Well, not exactly, but we needed to get your attention. What we’re really talking about is the Lizard Vine, Tetrastigma voinierianum. This vigorous species, native to Laos and North Vietnam, is a liana, that is, a woody vine. The plant is in the grape family (Vitaceae); indeed, its leaves are grapelike in shape, but are generally larger, up to a foot long. (Its characteristic leaf shape also gives rise to another of the species’ common names, Chestnut Vine.) The shiny serrated foliage bears reddish-brown hairs on the underside. The brown stems of T. voinierianum are thick and ropelike.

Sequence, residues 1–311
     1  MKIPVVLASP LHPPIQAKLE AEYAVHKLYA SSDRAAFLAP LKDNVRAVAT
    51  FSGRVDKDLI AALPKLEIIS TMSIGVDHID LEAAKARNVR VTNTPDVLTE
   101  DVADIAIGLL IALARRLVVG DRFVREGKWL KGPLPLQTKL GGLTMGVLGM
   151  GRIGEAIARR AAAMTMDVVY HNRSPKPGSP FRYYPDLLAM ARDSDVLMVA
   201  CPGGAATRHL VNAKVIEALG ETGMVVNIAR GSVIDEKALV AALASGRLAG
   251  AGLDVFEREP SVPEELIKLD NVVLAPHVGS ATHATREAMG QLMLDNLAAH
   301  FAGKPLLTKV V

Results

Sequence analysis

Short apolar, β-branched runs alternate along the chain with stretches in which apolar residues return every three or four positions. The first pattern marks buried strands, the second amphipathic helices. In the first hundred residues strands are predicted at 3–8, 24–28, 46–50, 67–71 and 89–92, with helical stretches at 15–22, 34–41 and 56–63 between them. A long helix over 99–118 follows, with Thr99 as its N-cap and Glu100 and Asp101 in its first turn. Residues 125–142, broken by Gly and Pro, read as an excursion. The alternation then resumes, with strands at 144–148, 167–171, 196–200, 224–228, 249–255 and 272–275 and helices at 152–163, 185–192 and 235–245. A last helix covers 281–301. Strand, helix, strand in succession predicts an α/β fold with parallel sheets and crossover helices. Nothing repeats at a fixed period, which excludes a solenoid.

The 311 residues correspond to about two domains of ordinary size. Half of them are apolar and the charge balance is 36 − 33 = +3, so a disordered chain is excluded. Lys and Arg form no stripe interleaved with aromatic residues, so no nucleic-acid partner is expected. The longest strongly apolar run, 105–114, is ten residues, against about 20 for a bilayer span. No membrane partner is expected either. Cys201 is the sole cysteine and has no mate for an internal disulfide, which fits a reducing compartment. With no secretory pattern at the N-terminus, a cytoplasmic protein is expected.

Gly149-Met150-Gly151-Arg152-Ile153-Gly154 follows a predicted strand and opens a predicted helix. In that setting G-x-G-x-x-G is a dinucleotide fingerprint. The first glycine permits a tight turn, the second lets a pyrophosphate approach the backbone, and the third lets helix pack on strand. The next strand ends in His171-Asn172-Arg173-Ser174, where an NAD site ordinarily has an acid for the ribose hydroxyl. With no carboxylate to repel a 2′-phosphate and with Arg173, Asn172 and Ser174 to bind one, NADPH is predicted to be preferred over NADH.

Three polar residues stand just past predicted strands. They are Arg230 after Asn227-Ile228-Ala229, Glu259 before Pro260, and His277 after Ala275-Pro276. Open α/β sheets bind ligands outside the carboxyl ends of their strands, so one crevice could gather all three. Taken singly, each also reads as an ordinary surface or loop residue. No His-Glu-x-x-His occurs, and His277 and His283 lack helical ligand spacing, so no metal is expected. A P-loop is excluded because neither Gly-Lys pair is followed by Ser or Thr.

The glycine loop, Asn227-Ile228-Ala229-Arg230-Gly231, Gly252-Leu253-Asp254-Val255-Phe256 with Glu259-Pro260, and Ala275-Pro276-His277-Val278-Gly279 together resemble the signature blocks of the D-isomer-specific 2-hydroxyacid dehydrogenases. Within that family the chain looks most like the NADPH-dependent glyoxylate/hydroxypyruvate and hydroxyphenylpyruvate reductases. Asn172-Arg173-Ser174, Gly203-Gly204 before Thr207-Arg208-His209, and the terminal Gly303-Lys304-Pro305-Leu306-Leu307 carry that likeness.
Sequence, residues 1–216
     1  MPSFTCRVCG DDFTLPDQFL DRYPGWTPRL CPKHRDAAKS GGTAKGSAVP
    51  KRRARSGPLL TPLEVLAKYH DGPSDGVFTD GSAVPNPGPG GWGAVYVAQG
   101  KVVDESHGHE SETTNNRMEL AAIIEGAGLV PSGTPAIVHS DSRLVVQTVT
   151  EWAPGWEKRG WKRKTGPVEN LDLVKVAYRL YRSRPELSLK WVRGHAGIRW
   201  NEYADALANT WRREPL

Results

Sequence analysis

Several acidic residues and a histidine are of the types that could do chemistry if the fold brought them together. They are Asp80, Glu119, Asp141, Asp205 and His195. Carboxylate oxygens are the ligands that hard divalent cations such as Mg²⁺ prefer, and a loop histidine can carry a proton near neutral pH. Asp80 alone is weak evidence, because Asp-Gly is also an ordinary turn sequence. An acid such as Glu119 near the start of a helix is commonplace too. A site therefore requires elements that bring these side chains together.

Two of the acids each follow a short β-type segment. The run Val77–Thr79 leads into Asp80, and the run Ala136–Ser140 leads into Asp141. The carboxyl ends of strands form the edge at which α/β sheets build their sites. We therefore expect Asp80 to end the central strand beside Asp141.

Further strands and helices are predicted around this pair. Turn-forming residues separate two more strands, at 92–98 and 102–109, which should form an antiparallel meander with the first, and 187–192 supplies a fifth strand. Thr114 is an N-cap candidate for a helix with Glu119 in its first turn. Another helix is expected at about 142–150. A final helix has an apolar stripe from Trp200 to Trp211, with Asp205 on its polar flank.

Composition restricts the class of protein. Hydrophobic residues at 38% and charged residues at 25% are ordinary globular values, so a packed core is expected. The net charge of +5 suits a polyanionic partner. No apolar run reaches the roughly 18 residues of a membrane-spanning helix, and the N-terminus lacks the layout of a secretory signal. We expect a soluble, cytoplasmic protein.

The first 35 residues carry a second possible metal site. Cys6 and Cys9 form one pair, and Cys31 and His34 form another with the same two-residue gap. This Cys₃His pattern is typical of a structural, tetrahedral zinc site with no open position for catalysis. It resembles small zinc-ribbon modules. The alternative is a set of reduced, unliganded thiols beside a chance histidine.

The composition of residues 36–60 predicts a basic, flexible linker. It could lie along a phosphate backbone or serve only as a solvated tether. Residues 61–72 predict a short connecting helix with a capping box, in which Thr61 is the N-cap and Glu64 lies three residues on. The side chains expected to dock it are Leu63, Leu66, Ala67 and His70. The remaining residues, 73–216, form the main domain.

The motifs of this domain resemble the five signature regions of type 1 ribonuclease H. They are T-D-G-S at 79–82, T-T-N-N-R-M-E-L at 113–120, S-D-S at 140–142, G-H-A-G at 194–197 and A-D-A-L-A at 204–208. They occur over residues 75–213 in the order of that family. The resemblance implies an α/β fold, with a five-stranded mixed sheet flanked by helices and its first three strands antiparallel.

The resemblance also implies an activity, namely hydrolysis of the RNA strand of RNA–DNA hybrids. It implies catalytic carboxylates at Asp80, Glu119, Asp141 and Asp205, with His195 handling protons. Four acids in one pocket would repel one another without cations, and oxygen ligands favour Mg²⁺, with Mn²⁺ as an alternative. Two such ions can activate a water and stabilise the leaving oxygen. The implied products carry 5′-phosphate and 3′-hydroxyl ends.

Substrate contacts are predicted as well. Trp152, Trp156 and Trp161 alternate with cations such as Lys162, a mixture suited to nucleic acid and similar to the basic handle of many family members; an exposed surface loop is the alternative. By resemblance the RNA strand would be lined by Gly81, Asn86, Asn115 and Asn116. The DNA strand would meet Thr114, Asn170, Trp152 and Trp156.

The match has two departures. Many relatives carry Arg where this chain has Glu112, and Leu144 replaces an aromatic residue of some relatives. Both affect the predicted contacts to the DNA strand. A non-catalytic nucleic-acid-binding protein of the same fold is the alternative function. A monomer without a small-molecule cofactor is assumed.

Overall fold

The Lizard Vine produces small chartreuse flowers which begin appearing during early summer, but they are not a focal point. The species is quite cold-hardy, able to withstand temperatures perhaps as low as 25º. It likes abundant watering. Interestingly, a newly-installed plant will sometimes delay putting on a growth spurt if conditions are not immediately to its liking, but it is otherwise a very robust grower.
This species has proven rather versatile. It can be maintained as a containerized house plant — sometimes in a hanging basket — so long as it is not relegated to the darkest part of a room. Outside it tolerates lighting exposures from shade to sun. The plant can quickly cover a chain-link fence that the homeowner might want to soften. It also performs well on a pergola. T. voinierianum is available at Richard Lyons’ Nursery in 3-gal. trellised containers.